Foundation for Accountability and Civic Trust (FACT), a non-partisan ethics watchdog, filed a complaint with the Office of Congressional Ethics.
They want Democrat Rep. Marie Newman (IL) investigated for possible federal law and ethics violations. She allegedly bought off another candidate in what was a very tight race.
Kendra Arnold, the Foundation for Accountability and Civic Trust executive director, is the one that filed the complaint against Newman. She stands accused of buying off Iymen Chehade by promising him a six figure salary job if she were to be elected.
She won her race and now represents the Third District in Illinois. But she was stupid and made two very bad mistakes, otherwise no one would have ever known.
Her first mistake is that she actually signed an agreement that specified his job title and his salary would be at least $135,000 a year with increases in the years to follow.
Even that would not have exposed her to being caught because of the second mistake she made.
After she was elected and sworn in, she did not hire Chehade.
Arnold outlined the federal law:
Whoever, being a candidate, directly or indirectly promises or pledges the appointment, or the use of his influence or support for the appointment of any person to any public or private position or employment, for the purpose of procuring support in his candidacy shall be fined under this title or imprisoned not more than one year, or both; and if the violation was willful, shall be fined under this title or imprisoned not more than two years, or both.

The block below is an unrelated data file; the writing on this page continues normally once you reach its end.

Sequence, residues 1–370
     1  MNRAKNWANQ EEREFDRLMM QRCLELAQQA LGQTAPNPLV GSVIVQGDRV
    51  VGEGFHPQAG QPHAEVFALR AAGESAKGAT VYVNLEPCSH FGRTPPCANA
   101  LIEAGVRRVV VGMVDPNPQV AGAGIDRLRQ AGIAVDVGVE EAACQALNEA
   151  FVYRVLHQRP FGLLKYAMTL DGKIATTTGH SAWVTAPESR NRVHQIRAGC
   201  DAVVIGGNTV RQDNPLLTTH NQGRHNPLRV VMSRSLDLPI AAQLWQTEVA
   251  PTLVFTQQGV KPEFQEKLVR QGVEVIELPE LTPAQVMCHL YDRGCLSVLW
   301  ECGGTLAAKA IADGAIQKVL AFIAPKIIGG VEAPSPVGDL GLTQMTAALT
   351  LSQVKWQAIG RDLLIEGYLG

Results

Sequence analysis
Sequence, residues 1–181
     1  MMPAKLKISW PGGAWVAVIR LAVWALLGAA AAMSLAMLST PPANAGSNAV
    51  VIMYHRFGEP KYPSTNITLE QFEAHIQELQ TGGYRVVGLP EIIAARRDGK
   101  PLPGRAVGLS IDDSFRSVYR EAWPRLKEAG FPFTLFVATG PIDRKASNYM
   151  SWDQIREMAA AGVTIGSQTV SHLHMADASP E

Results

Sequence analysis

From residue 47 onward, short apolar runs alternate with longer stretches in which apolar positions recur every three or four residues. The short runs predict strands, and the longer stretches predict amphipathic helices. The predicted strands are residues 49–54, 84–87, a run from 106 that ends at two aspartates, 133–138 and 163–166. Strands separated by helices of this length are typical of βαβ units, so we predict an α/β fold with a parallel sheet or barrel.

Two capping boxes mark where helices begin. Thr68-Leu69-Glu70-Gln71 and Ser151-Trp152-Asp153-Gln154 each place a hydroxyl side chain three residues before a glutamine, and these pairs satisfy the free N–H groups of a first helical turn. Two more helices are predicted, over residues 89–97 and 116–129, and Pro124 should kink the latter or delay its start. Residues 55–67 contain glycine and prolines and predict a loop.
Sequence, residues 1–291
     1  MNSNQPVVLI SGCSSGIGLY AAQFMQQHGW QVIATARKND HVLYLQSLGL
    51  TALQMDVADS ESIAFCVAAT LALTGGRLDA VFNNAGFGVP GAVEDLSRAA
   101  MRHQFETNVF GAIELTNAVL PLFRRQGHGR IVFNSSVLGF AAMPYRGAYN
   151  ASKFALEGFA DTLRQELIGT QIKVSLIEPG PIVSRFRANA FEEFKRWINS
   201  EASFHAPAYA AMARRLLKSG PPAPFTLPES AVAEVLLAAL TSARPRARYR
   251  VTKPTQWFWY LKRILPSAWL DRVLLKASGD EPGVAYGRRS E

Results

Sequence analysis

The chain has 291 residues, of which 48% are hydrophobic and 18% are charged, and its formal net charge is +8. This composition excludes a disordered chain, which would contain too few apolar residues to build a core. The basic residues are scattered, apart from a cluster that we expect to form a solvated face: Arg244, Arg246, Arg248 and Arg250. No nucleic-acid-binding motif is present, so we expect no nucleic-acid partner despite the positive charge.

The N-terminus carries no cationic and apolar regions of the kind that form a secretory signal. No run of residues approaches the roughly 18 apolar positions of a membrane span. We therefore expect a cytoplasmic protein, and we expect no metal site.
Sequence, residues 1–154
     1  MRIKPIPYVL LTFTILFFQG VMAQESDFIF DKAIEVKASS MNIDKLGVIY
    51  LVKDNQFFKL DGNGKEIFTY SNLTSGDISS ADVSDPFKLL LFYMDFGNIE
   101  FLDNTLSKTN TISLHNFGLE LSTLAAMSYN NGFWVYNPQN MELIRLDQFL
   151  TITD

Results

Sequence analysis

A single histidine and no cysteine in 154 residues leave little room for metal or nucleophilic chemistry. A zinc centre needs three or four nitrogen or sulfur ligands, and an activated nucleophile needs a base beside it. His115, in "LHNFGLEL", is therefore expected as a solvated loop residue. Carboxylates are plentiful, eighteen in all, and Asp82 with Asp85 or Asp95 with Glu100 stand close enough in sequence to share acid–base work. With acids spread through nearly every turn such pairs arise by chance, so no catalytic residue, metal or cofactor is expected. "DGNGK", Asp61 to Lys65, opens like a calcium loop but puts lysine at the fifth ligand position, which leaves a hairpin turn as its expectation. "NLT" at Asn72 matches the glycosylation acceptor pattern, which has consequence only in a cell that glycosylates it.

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“On no level does the law allow our public officials to use taxpayer funds for their own benefit, and in fact, it specifically prohibits promising a future government job in an attempt to gain political support by persuading an opponent not to run against you,” Arnold said in a statement.
She concluded her letter to the ethics office by mentioning, “to the best of her knowledge and ability, all evidence submitted was not obtained in violation of any law, rule, or regulation.” She added the ethics office is typically responsible for this type of investigation to ensure congressional members fulfill “the public trust inherent in the office” in addition to “the House’s ethical standard.”